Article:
Bears are subdued and often torn apart, alive, by these dogs. If the bear makes it up a tree, it is terrorized until the “brave hunter” gets out of his truck, follows the GPS signal and shoots the terrorized bear out of the tree.
Bears are often still alive when they fall to the ground. The dogs attack and tear into them. Does any wild being, any of God’s creatures, deserve to be treated with such cruelty and terror?
Maine is the only state that allows bears to be snared or trapped. Bears are lured to rotting piles of food where snares have been laid out. A trapped bear can suffer for many hours, sometimes even a day or more, until their executioner arrives and shoots them at point blank range. This is not ethical, fair chase hunting.
The Humane Society is sponsoring the Maine Bear Protection Act that will outlaw these cruel and unethical attacks on Maine’s black bears. Please contact your state legislators and ask them to support this humane legislation.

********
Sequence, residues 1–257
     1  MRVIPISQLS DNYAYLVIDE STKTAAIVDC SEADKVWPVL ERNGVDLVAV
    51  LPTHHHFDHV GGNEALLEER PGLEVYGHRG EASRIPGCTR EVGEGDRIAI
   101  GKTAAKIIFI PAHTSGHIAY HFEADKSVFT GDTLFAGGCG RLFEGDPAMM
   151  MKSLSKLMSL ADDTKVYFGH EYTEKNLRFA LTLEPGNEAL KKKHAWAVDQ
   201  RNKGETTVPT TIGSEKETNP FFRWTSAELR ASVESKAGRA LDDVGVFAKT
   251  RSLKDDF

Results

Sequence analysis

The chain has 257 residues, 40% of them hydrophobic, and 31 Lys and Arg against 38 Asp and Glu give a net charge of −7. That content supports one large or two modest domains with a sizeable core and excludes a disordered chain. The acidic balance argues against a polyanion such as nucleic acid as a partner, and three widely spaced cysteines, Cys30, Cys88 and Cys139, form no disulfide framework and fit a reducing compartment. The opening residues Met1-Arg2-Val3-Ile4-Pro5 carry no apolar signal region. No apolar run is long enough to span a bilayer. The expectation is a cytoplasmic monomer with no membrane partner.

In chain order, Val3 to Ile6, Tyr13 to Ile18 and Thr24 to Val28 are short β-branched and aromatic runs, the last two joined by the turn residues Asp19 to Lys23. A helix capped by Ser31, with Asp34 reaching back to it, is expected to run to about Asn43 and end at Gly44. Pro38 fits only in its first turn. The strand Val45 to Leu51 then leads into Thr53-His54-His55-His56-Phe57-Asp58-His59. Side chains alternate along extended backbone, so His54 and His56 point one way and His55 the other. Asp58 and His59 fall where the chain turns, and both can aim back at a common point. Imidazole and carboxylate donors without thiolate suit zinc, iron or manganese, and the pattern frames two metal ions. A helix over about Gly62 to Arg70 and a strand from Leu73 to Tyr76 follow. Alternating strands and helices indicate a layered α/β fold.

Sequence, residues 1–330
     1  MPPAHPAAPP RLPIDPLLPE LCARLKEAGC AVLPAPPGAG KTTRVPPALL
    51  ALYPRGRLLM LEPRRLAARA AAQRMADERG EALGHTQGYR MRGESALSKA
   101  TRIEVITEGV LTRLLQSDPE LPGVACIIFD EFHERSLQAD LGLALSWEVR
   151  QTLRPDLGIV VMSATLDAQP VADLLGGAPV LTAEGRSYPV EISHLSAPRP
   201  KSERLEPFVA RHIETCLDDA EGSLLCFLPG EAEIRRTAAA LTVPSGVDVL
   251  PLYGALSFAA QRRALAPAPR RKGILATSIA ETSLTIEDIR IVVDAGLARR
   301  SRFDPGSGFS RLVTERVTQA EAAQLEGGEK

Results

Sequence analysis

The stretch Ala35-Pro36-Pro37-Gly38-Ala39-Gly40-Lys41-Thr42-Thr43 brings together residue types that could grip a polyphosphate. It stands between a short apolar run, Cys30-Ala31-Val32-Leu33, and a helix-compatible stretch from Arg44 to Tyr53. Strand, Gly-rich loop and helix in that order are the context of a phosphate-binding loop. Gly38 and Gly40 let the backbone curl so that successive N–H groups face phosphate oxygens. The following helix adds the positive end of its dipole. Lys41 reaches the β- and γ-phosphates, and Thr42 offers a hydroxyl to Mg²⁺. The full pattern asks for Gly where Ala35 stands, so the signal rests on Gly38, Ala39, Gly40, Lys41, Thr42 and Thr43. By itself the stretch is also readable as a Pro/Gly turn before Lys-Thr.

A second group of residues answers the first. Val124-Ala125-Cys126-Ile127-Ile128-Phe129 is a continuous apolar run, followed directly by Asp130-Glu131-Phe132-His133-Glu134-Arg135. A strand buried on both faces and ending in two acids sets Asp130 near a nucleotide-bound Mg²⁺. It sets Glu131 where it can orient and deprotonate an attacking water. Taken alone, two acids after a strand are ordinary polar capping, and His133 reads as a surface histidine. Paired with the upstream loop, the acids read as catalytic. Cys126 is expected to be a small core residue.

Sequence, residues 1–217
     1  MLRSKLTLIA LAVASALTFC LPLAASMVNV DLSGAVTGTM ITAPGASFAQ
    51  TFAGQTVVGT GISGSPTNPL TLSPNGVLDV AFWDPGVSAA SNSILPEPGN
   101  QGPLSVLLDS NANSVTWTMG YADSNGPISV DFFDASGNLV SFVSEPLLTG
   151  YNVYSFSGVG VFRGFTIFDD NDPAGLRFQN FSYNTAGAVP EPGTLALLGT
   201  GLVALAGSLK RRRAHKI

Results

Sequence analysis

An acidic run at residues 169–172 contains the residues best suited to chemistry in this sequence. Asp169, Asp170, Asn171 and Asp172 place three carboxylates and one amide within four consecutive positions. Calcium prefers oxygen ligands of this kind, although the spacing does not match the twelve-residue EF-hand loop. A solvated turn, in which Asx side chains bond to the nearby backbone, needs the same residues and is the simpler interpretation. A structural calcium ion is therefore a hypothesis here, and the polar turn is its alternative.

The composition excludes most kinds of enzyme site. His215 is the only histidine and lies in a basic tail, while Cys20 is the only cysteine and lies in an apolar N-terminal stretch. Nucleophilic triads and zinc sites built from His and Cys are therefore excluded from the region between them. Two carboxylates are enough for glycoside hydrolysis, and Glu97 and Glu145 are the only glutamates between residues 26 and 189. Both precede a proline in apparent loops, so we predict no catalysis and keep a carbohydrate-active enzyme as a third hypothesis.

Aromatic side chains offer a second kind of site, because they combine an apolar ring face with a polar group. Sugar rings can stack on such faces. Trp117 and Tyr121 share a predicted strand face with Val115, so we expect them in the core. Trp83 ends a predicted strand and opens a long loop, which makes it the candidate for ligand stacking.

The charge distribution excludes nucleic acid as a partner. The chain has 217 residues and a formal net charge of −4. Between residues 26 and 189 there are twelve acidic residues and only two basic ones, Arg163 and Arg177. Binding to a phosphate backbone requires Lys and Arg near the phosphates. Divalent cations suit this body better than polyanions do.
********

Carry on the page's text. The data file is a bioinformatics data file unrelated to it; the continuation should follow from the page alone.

Too much talk about BPA
To me, the continued discussions about bisphenol A have become almost redundant and certainly tiresome. How many years has Maine been discussing how to regulate this chemical, both in the Legislature and before the Board of Environmental Protection?
As a scientist with some 32 years as a public servant for the state of Maine, this continued dialogue has had the effect of numbing me to the whole regulatory process.
BPA is an organic compound, belonging to the bisphenols group. Do readers know that BPA is being targeted when in fact there are other bisphenols that may serve as substitutes for BPA, many with similar or even greater toxic concern and that many manufactures are already switching to these alternatives?
Here are examples: bisphenol AP, bisphenol AF, bisphenol B, bisphenol BD, bisphenol C, bisphenol E, bispenol F, bisphenol G, bisphenol M, bisphenol S, bisphenol P, bisphenol PH, bisphenol TMC, bisphenol Z.
If we chose to discuss bisphenol A for several years, what about the alphabet soup of all these other bisphenols? I believe that talking BPA to death is part of a strategy best named, “deny and delay.”